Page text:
Farmworkers are one of many vulnerable groups who exist largely in the shadows of the law. While there is a relatively robust regulatory framework that ostensibly governs the conditions under which they work, it is highly fragmented and seldom enforced. One agency, the Equal Employment Opportunity Commission (EEOC), has emerged as an important exception, adopting innovative strategies to secure substantial settlements and a wide range of injunctive relief. Decades before contemporary movements on behalf of low-wage workers of color began, the EEOC was mounting an initiative to bring farmworkers into the core of Title VII’s protections and jurisprudence. Drawing upon an original database of EEOC farmworker litigation and interviews with both EEOC employees and farmworker advocates, this Article provides the first empirical analysis of the agency’s groundbreaking initiative over the past two decades, which has escaped the attention of legal scholars.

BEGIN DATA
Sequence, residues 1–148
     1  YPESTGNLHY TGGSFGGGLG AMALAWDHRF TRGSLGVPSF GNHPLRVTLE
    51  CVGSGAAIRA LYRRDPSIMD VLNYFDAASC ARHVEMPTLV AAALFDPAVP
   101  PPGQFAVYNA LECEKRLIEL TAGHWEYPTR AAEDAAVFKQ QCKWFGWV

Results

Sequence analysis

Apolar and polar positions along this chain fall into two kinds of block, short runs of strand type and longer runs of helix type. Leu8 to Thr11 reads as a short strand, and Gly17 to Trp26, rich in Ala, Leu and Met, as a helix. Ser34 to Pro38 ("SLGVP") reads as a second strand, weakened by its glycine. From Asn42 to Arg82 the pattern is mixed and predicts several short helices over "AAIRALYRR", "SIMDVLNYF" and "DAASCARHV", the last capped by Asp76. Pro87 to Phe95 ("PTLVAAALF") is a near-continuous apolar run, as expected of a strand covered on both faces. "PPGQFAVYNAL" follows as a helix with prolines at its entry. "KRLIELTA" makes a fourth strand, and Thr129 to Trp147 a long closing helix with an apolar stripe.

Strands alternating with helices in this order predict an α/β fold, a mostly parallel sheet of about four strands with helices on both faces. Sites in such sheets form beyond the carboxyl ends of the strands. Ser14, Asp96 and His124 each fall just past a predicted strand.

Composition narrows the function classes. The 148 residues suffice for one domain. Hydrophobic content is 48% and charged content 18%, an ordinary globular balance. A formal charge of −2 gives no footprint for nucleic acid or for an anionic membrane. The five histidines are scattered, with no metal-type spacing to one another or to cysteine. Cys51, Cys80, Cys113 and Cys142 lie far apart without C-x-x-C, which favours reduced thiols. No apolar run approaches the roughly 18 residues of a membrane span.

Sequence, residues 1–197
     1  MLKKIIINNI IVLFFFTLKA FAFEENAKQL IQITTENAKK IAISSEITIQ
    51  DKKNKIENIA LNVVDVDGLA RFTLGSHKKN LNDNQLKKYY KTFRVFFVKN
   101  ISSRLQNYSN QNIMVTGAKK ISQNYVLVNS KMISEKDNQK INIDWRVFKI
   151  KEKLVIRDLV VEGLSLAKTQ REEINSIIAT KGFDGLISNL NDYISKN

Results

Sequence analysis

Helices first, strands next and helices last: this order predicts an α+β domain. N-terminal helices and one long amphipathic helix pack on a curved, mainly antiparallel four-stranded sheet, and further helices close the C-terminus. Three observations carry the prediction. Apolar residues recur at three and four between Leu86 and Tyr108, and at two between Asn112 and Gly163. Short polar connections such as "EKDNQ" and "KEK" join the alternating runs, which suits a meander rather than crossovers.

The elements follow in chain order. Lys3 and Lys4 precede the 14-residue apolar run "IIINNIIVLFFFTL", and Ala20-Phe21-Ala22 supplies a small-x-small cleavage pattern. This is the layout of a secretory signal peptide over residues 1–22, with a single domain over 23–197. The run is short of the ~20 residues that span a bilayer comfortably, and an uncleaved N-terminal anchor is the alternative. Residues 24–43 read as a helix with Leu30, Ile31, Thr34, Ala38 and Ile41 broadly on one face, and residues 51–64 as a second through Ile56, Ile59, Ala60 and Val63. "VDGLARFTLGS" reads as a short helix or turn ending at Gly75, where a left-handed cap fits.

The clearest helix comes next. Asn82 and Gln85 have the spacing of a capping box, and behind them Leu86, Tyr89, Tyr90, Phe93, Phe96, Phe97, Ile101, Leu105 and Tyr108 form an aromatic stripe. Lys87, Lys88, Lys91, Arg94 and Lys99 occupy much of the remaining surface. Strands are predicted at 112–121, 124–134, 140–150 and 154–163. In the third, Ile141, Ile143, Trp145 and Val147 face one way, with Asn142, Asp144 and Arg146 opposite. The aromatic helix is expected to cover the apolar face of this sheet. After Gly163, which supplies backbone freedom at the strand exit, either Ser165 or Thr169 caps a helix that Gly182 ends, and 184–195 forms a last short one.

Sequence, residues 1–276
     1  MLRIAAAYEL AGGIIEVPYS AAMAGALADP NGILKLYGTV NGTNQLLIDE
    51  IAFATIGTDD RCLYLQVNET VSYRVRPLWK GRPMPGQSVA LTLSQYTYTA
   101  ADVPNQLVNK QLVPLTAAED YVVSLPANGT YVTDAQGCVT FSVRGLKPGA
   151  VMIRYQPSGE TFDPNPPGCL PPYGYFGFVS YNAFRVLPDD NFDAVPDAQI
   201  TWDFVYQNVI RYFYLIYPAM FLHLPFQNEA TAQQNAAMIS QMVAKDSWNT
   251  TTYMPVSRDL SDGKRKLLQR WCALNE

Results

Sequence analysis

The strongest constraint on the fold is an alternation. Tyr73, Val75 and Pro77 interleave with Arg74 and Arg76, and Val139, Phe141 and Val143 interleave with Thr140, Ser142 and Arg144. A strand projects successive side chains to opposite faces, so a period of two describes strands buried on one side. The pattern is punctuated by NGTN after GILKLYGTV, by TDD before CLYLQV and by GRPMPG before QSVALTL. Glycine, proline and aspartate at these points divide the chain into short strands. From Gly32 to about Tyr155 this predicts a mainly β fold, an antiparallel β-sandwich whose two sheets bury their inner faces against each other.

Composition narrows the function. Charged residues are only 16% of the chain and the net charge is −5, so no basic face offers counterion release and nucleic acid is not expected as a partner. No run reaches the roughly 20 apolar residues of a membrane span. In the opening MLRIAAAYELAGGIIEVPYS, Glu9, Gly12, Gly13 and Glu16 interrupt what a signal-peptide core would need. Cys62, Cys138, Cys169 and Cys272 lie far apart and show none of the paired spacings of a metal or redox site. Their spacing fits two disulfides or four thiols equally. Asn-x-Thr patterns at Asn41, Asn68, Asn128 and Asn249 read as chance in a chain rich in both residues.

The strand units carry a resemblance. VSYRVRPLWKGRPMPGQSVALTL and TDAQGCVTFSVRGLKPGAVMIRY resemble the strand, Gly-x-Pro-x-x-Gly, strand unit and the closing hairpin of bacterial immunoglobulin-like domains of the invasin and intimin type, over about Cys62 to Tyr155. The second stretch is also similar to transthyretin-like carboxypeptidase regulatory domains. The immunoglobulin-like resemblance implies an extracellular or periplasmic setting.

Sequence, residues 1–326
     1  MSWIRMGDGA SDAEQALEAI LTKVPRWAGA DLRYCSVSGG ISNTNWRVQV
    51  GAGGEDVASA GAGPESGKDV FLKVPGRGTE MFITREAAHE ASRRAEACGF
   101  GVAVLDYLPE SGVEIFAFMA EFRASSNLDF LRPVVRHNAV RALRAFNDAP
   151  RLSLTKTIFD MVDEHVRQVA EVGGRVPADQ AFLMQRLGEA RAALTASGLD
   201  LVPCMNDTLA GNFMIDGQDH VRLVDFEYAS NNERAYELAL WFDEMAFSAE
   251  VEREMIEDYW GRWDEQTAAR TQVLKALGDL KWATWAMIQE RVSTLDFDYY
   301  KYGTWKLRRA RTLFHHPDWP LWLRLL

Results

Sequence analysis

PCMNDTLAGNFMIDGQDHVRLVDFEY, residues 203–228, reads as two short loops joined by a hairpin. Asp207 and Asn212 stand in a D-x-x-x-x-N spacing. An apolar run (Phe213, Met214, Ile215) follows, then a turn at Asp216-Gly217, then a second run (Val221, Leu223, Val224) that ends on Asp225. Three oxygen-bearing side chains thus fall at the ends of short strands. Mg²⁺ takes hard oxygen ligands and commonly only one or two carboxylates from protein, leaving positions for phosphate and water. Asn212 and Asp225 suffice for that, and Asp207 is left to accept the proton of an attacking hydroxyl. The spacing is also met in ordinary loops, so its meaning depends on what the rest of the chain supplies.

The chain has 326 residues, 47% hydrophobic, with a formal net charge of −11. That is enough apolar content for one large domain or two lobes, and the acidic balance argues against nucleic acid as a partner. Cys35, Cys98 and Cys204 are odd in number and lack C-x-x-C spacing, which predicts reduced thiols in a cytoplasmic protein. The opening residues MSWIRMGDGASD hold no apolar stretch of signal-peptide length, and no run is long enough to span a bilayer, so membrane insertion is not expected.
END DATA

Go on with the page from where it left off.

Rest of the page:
Conventional accounts of the EEOC portray an agency hampered by managerialist, bureaucratic approaches that do little to combat systemic discrimination. By contrast, I argue, the Commission’s farmworker initiative evinces a carefully tailored, creative approach that has enabled it to surmount many of the bureaucratic obstacles that have hindered other agencies in this context. At least two features were critical to its success. First, the EEOC’s de-centralized, entrepreneurial structure permitted this initiative to diffuse from the bottom up within the agency and helped to insulate it from oscillation across administrations. Second, its unique and sustained partnerships with advocacy organizations enabled the Commission to respond effectively to the needs of this isolated, vulnerable population. These findings contribute to a growing literature on how to entrench the enforcement of civil rights within administrative agencies. This Article further echoes the call to reinvigorate the enforcement apparatus of the federal government. As it suggests, the EEOC’s trajectory provides insight into how to develop a more robust vision of public enforcement in the context of marginalized communities like farmworkers.
Regulating Marginalized Labor,
73 Hastings L.J. 1041
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